Emergency management, contingency planning, incident command, research and development, technology papers and a customised workshop at the end of day two, make sure the emergency preparedness topic is well covered on this year's conference. In addition, the Norwegian Tunnel Safety Cluster will reveal its plans for how to achieve high quality training for fire and rescue services in Norway.
The organisation committee have this year gathered inspiration from experts from both Europe and United States.
New Norwegian Tunnel Safety Centre and Tunnel Fire Training
The Norwegian Tunnel Safety Cluster wish to establish facilities for research, development, demonstration and learning, with a main focus on training of tactics and execution in practice, for firefighters and incident command. Furthermore, the same tunnel facility will be equiped with infrastructure and equipment specially designed for research and development, and be geographically and academically affiliated with the university and a professional environment consisting of industry stakeholders. An important part of facilitating this education is to make sure to collaborate with the best institutions internationally, when it comes to tunnel fire training.
Incident command needs knowledge about tunnels and tunnel fires, in addition knowledge about tactical dispositions of crews. Incident command need to make the right decisions in a very demanding situation, both in terms of information access, complexity in construction and risk.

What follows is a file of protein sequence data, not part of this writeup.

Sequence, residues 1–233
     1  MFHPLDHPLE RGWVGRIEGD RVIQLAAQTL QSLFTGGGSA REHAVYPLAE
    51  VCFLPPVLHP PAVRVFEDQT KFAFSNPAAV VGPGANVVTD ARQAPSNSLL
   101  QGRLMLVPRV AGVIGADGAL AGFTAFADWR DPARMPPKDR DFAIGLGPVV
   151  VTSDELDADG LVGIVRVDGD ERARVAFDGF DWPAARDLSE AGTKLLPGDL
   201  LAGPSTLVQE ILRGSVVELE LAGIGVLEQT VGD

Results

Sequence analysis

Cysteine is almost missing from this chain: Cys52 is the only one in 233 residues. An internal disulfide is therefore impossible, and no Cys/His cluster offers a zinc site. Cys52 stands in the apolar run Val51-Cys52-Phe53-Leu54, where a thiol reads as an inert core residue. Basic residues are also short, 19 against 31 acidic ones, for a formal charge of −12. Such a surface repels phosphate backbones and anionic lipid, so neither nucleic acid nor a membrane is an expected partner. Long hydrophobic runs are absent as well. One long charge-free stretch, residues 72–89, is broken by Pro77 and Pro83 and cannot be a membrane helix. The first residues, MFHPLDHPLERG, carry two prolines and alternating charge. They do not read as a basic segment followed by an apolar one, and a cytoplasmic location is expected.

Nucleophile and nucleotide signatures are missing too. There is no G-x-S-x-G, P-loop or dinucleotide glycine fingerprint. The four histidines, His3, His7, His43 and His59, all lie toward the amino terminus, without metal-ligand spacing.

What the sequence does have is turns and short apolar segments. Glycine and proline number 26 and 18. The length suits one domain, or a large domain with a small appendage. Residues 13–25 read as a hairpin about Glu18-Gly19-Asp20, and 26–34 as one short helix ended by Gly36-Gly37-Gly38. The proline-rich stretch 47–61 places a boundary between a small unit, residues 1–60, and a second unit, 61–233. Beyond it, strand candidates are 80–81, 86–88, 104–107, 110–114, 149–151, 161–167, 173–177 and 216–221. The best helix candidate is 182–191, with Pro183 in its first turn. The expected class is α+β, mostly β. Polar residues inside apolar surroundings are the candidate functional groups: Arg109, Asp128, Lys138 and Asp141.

Firefighters need to perform tactically demanding work in a more or less unknown situation, compared with the daily challenges in industry and building. It is crucial for the outcome that firefighters have basic training in tactical methods for collecting information, search and rescue, and fighting fire in tunnels.
A 30-hour basic training in tunnel rescue and fire fighting, with the main focus on tactical training in reconnaissance and information retrieval, search and rescue, and firefighting, is considered as basic skill training in Europe. Why not in Norway, the most challenging country when it comes to tunnel fire incidents? Only the last 8 years, more than 10 large tunnel fires have occurred in Norway, in long single tube tunnels with limited possibilities for evacuation.
Public Investigation of the last fire in Norway
The Accident Investigation Board in Norway have recently investigated the latest fire in the Fjærlands Tunnel (17th April 2017), and will present this investigation on the Norwegian Tunnel Safety Conference this year.
Read more about the event: http://ntsc2018.no
Register for the event: Register
Read more about the project: https://ntscenter.no/